Standards of Education

Last November, Sunlight Foundation organized a meeting in San Francisco centered around Open Data / Open Government (dubbed “ODOG”). As what might be expected at a gathering of excellent people facilitated by Allen Gunn, it was a terrific event. While we covered tons of interesting ground, the thing that stood out for me the most was something that Salim Ismail said.    (LMP)

Salim suggested that the two prerequisites for an effective democracy were access to information and educated citizens. He then noted that he had lived a third of his life in the U.S., a third in India, and a third in Europe, and of all three locations, the U.S. had the least educated citizenry.    (LMQ)

I found myself citing Salim a week later in a spirited conversation about the state of the world with a friend, who challenged me to define exactly what I meant by an educated citizenry. I thought for a moment, then responded, “I will consider our citizenry educated when over 90 percent of Americans can identify the U.S. on a world map.”    (LMR)

I don’t know what the exact metric should be, but the essence of the metric should be clear. Last year, the National Geographic Society sponsored a study of geographic literacy in this country. The results?    (LMS)

  • 63 percent of Americans aged 18 to 24 could not identify Iraq on a map of the Middle East.    (LMT)
  • 50 percent could not identify New York on a map of the United States.    (LMU)

A few years ago, I learned of another horrifying stat. 52 percent of Japanese primary and secondary students have never seen a sunset or a sunrise. That’s up from an equally horrifying 41 percent in 1991.    (LMV)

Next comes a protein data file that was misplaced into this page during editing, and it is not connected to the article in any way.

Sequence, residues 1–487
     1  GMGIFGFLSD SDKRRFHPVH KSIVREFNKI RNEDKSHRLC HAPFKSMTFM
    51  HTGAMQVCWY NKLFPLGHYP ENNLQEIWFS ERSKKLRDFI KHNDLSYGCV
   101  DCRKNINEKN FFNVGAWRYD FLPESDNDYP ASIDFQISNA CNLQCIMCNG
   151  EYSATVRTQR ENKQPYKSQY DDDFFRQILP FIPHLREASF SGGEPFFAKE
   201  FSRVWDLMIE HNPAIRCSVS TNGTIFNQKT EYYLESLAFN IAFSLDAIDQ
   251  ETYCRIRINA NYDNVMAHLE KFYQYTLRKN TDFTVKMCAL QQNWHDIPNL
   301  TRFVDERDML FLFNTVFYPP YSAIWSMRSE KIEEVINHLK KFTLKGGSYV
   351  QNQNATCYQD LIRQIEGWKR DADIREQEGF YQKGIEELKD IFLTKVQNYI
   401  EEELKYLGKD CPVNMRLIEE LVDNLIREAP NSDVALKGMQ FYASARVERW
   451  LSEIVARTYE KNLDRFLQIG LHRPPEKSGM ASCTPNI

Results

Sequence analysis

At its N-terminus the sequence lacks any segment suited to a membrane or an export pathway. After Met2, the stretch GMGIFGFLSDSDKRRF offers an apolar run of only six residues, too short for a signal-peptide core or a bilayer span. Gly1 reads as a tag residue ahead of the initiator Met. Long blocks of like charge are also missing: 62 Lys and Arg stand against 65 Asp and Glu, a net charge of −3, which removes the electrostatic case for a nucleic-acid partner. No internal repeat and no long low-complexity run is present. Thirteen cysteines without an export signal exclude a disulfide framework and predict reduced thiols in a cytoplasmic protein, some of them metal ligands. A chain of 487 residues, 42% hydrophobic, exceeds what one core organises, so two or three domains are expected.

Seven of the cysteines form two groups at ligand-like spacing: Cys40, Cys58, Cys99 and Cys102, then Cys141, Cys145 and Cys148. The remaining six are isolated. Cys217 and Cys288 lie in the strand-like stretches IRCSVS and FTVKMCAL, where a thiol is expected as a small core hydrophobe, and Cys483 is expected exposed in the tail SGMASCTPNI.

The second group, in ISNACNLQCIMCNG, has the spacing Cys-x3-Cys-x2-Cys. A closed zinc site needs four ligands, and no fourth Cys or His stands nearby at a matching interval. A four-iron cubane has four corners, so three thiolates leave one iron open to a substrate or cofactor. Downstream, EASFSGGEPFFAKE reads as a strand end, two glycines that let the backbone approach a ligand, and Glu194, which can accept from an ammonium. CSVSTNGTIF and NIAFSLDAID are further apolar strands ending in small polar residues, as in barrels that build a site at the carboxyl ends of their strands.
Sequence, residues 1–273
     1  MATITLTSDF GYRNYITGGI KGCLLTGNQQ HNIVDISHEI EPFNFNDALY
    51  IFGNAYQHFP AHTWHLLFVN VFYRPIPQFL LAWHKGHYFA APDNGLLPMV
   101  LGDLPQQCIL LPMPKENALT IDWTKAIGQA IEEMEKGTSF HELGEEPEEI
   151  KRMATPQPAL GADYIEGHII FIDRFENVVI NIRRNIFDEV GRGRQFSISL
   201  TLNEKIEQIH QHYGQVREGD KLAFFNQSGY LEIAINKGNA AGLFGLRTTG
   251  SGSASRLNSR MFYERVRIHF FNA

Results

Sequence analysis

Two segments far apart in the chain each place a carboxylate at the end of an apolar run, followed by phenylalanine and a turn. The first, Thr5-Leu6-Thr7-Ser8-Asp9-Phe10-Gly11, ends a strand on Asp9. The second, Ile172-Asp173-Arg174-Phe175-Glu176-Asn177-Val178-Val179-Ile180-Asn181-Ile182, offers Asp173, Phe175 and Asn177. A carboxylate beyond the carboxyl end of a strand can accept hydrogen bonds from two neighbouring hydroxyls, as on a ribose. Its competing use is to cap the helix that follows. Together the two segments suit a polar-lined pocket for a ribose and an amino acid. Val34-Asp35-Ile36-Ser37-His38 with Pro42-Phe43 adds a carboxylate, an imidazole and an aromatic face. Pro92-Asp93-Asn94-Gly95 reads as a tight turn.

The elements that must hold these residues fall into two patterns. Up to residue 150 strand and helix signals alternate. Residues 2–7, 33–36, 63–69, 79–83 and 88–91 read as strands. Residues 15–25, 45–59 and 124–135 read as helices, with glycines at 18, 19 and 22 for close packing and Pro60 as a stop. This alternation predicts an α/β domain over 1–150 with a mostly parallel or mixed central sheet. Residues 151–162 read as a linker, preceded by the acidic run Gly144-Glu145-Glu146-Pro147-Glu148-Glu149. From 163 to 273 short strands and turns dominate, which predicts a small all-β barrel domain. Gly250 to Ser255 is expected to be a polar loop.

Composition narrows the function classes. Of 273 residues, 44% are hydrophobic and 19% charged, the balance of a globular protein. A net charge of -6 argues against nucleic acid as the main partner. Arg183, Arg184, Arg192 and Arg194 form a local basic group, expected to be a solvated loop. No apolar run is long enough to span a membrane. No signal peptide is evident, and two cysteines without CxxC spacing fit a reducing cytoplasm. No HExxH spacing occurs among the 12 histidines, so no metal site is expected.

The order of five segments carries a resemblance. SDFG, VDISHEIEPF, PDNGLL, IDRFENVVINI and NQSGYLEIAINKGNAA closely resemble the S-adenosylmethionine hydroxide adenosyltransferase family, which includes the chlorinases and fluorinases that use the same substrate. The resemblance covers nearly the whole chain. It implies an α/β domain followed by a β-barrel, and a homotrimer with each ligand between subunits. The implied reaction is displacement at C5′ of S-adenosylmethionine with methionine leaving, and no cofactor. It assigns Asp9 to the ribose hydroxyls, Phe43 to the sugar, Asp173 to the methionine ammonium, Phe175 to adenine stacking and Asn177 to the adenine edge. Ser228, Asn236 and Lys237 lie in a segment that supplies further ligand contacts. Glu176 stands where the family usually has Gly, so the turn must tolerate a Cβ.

Folks in my business like to draw distinctions between information and knowledge, or knowledge and wisdom. Whatever you call the ends of the spectrum, the pattern is the same. As you move towards knowledge and wisdom, the secret sauce is context, meaning, and actionability.    (LMW)

Context is a funny creature. I can use all sorts of data and rhetoric to justify or oppose war, but the fact that my grandfather was kidnapped and killed by North Koreans during the Korean War certainly colors my judgement. I don’t claim any moral superiority in my opinions, but I certainly have context that not everyone has, and the essence of that context is very human.    (LMX)

I’d like people to have at least some human context before making judgements of import. At minimum, I think people should be able to identify a country on a map before expressing opposition or support for attacking it. At maximum, I think people should know others from that country, or even better, have spent time there themselves. I think people should experience at least one sunset or sunrise before expressing judgement about environment policy.    (LMY)

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